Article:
15 December 2009

Jose Valverde and Type A Compensation

There has been some discussion about the merits of signing a pitcher like Jose Valverde. He is a very good relief pitcher though he did have some wrist issues last summer. When you get down to it, Valverde just does not seem to be important enough to sign in comparison to others out there. For a crude comparison, look at blown saves over the past two years for Valverde, Matt Capps, and Fernando Rodney. Respectively, they are 11, 10, and 7. None of these guys are true shut down closers. You can expect somewhere between 5-7 blown saves a season for any of them. Is Valverde the best pitcher? Sure, but the instances where he can actually deliever plus value is limited. Really, Valverde at his best against Rodney at his worst might be a difference of 15 runs. That sounds more important than it really is given the fact that save situations are often given with a two or three run lead.

A secondary line of consideration is that Valverde qualifies as a type A free agent. For a team that is not good, it is thought often that spending money on type A free agent compensation is questionable. It is thought particularly foolish to spend money on relief pitching that qualifies as type A compensation. Just that happened to the Orioles after the 2006 season when General Manager Mike Flannagan surveyed the previous year and determined that our greatest weakness was our relief pitching. He set out to spend heavily on Danys Baez (3/19MM), Chad Bradford (3/10MM), and Jaime Walker (3/12MM). Danys Baez proved to be wholly ineffective with one season lost on injury. Chad Bradford was serviceable for 1.75 seasons before being dealt to the Rays for cash and getting injured in his final season under contract with the Rays. Walker was very good for a season and them plummeted. None of these moves helped the Orioles much. Maybe shifting them a game or two in a positive direction. But what about the free agent compensation?

Both Danys Baez and Chad Bradford qualified as type A free agents. Walker did not. Danys Baez had a higher rating, so the Braves were awarded a sandwich pick and the Orioles pick in the second round (2:5, 69th overall). This left the Mets with compensation for Bradford in round three (3:5, 99th overall). Who was selected and how have they done . . . after the jump.

2007 Draft

2:5 (69th Overall) Braves
Type A compensation for Danys Baez

Joshua Fields (so.) RHRP University of Georgia
Advised by Scott Boras and thought to go in the supplemental round, Fields was disappointed to fall into the second round. Boras had been suggesting 1+MM signing bonus for the college closer, but several teams passed on that. The Braves selected him knowing that negotiations were going to be an issue, but were confidant they could acquire him for slightly above slot. That never happened. Fields went back to school and pitched his senior season. Reentering the draft, he was selected by the Seattle Mariners 20th overall and signed for 1.75MM. He is currently a C+ prospect in the Mariners system. Fields still has a live arm, but his control and command are issues.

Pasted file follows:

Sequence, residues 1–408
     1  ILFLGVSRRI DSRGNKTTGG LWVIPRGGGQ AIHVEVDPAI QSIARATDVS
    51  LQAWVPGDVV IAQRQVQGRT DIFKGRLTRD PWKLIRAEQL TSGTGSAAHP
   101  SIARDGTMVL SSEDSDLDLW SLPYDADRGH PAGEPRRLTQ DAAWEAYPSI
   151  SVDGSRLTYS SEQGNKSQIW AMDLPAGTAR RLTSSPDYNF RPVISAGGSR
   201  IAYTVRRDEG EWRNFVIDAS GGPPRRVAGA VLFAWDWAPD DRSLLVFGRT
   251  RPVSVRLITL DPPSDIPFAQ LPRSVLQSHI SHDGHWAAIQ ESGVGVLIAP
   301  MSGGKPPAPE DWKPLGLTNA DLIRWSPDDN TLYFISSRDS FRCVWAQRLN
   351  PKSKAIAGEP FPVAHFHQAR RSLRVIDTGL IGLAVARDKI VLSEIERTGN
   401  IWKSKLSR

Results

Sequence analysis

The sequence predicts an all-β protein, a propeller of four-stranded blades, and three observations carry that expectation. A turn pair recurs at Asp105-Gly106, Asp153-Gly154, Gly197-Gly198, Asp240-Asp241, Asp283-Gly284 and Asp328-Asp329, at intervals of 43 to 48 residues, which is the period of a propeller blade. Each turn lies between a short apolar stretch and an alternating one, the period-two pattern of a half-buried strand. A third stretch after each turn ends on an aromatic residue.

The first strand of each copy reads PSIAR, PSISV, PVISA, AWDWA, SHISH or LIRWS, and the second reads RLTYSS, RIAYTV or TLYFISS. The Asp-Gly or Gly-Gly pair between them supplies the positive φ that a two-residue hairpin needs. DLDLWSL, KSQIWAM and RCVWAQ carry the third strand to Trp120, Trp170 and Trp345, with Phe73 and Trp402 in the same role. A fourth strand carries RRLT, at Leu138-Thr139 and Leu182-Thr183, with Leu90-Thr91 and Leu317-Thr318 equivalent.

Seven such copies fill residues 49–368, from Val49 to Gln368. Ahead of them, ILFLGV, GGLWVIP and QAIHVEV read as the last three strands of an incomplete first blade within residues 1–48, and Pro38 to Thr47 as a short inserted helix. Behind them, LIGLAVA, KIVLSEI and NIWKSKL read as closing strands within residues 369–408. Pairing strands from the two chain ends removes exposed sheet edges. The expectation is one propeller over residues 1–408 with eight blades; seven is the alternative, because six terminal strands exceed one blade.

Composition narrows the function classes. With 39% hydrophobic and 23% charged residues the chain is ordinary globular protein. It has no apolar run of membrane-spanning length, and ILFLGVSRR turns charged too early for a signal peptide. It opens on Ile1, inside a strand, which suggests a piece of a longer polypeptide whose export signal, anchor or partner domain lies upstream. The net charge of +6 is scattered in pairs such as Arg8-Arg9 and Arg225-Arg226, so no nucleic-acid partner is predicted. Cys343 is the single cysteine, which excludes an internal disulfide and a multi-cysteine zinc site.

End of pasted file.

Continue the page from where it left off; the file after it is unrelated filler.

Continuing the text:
Other players selected at 2:5
2009 Mychal Givens SS/RHRP Baltimore
2008 Anthony Gose OF Philadelphia LoA
2006 Chris Tillman RHSP Seattle (now with Baltimore) MLB
2005 Craig Italiano RHSP Oakland HiA
2004 Yovanni Gallardo RHSP Milwaukee MLB

3:5 (99th Overall) Mets
Type A compensation for Chad Bradford

Eric Neisen (sr.) LHSP Wake Forest
Neisen signed for slot and has been struggling to make his way through the minors. He was not considered much of a prospect coming in and has been ignored by the main trade journals. Four year college lefties usually progress through the minors quickly and get hung up on AA or AAA. Neisen had to go through HiA twice and showed some issues during his stint at AA this season. He profiles mostly as a middle reliever or LOOGY.

Other players selected at 3:5
2009 Tyler Townsend 1B Baltimore LoA
2008 Roger Kieschnick OF San Francisco HiA
2006 Tony Butler RHSP Seattle (now with Baltimore) LoA
2005 Wil Inman RHSP Milwaukee (now with San Diego) AAA
2004 Josh Wahpepah RHSP Milwaukee AA

The Orioles did not give anything of much worth away in these acquisitions. The problem is though that there was no upside. The draft picks will typically fail out. Few are actually worth much in comparison to a free agent acquisition. The issue is that there is some prospective worth to these picks, so you better receive good value in return. Baez and Bradford did not give the Orioles much in return. Their presence or absence on the 2007 team did not matter to much. It was irrelevant. Handing out lottery tickets for irrelevance is just not a smart move.

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